IELTS test day advice
You will find the IELTS test center staff friendly, welcoming and highly professional. They will make sure that the test is delivered fairly and securely. Follow their instructions carefully.
The week before your test
Check the start time and location of your IELTS test the week before, and make sure you know how to get there on time.
Remember, the address of your IELTS test location may be different to that of the test center where you booked your test.
Take the time to read full details of the ‘IELTS test terms and conditions’ for important information about your IELTS test day.
Your IELTS test day
You need to arrive in good time for your IELTS test. If you arrive late, you may not be allowed to take the test.
Switch off your mobile phone and any other electronic devices. You will be asked to place these with other personal belongings outside the test room.
The Listening, Reading and Writing tests take 2 hours 40 minutes and there are no breaks between each part of the test.
Make sure you are prepared and have something to eat and drink beforehand. You will not be allowed to take food into the test room; you will only be allowed to take a drink in a transparent bottle.
Your identity and photographs
The IELTS test location staff will check your identity when you arrive.
Make sure you have the right ID with you. If you arrive with the wrong ID, you will not be allowed to take the test.
You may also need two recent identical passport-sized photographs.
Check the details that you were given when you booked the test to make sure you take the right ID and photographs with you.
Test Day Photography
Some test locations will now also take a photograph of you on the test day – this photograph taken by the test center will appear on your Test Report Form to provide increased identity security. Your test center will let you know if it is going to do this. For more information see IELTS candidate identity verification.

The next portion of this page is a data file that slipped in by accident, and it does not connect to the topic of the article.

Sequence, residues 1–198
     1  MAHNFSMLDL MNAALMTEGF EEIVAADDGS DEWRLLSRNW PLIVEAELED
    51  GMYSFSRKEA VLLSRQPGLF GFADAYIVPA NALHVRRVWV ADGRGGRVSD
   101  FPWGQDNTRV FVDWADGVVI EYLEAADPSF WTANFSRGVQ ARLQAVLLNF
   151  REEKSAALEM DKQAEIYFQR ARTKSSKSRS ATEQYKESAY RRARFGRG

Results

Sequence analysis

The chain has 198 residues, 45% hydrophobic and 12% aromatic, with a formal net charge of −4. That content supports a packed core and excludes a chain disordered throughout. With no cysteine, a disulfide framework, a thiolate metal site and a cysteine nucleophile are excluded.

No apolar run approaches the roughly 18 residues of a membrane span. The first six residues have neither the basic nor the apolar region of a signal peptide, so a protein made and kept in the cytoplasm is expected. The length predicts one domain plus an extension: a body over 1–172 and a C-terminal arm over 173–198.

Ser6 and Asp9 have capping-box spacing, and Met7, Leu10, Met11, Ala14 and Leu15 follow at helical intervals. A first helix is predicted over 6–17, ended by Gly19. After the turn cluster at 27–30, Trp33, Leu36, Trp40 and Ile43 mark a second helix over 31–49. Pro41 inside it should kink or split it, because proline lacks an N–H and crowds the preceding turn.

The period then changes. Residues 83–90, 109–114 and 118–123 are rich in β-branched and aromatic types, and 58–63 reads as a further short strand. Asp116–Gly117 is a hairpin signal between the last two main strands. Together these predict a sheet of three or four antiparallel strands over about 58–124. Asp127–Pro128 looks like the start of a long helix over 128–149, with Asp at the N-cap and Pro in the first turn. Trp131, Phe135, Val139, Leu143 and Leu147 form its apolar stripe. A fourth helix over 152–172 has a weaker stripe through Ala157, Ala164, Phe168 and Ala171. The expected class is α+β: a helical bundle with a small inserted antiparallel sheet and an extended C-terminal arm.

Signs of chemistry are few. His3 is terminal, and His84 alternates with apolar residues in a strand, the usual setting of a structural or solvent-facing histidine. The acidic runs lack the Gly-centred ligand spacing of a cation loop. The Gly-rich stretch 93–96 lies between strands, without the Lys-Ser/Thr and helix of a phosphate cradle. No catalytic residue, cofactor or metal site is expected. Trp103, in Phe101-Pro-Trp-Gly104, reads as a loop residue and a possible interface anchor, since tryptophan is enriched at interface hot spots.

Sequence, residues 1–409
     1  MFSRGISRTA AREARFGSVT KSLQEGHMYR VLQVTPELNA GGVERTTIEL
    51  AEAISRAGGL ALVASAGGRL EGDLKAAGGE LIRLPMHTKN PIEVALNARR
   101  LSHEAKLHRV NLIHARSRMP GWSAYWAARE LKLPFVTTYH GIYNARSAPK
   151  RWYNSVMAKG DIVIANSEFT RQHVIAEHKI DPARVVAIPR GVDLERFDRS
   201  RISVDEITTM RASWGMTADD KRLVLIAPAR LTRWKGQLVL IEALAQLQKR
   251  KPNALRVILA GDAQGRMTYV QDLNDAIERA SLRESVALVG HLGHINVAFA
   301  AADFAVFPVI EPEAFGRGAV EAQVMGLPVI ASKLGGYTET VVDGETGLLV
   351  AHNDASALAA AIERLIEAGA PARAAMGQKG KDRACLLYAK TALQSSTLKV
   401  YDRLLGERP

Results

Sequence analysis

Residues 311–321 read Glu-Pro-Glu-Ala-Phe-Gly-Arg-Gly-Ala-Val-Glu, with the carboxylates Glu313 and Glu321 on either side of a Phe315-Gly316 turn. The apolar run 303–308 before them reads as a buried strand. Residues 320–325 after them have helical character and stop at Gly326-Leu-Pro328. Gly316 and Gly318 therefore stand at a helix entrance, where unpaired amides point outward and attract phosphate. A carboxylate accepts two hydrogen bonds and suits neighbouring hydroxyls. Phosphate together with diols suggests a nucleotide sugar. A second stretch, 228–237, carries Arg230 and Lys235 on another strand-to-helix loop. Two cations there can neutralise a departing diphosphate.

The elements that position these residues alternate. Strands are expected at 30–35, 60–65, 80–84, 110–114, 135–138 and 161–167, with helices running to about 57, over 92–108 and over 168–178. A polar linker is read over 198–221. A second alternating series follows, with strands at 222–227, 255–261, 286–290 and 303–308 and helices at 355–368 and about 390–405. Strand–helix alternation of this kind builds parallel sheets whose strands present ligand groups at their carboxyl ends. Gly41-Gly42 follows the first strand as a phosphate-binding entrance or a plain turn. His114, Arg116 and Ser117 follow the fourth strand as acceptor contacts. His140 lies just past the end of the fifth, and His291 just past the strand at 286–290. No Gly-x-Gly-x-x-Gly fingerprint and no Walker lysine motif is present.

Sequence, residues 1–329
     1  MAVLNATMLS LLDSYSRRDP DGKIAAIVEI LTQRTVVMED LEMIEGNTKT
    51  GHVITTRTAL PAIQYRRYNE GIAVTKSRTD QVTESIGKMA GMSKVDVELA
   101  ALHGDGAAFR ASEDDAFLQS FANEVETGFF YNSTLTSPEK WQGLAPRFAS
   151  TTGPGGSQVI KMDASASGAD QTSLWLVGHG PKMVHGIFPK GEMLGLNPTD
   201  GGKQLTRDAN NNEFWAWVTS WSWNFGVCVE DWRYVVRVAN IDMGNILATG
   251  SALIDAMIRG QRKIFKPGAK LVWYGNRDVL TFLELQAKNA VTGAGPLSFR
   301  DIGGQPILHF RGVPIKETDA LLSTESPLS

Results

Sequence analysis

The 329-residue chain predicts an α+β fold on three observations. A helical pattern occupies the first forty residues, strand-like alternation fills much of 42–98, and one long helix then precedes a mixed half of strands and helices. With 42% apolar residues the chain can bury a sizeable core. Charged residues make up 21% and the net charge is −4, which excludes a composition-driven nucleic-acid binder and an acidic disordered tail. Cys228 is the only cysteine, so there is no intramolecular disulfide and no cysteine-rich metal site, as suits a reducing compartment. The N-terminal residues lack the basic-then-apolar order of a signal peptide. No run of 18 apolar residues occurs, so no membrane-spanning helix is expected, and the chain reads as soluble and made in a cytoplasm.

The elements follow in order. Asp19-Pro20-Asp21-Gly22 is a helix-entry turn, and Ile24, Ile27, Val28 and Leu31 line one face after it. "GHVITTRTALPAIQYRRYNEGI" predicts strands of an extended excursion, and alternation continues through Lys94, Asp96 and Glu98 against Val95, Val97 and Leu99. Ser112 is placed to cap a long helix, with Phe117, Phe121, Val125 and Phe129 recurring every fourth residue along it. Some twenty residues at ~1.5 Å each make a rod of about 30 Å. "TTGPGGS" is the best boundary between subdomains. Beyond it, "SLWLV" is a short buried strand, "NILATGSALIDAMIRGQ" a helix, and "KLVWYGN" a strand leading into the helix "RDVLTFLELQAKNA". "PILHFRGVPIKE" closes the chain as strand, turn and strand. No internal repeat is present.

During the IELTS test
You will only be allowed to have a pen or pencil, an eraser and your ID on your desk.
If you need to go to the bathroom during the test, put your hand up to attract the attention of the invigilator. Do not disturb other candidates.
If you have any questions during the test, raise your hand to ask for help.
When you take the Listening test, check that you can hear the test properly. Raise your hand straightaway and let the invigilator know if you cannot hear the recording.
Please remember that you will have 10 minutes after the Listening section to fill in your answer sheet. You will not have 10 minutes after the Reading section, so please make sure that you write your answers on your Reading answer sheet as you complete each section.
At the end of the test
Stay in your seat until the invigilator gives you permission to leave the room.
If you think that there have been any issues that may have affected your performance, tell the invigilator straightaway.
If you want to make a complaint about your test day, you need to do this within one week of the test date.
Your invigilator will have a Test Day Incident Form. Please fill this in if you want to raise an issue or make a complaint.
Speaking test advice
Follow this Speaking test advice and try to talk fluently.
The Speaking test is a face-to-face conversation with a certified examiner. It is as close to a real-life situation as a test can get.
The examiner will ask you about familiar topics such as home, work or studies in part 1. This should help you feel comfortable when speaking. Try and relax so that you can speak as naturally as possible.
Take time before the test to practice speaking with a partner, friend or teacher.
Make the most of your Speaking test:
• try to talk as much as you can
• talk as fluently as possible and be spontaneous
• relax, be confident and enjoy using your English
• develop your answers
• speak more than the examiner
• ask for clarification if necessary
• do not learn prepared answers; the examiner is trained to spot this and will change the question
• express your opinions; you will be assessed on your ability to communicate
• the examiner’s questions tend to be fairly predictable; practice at home and record yourself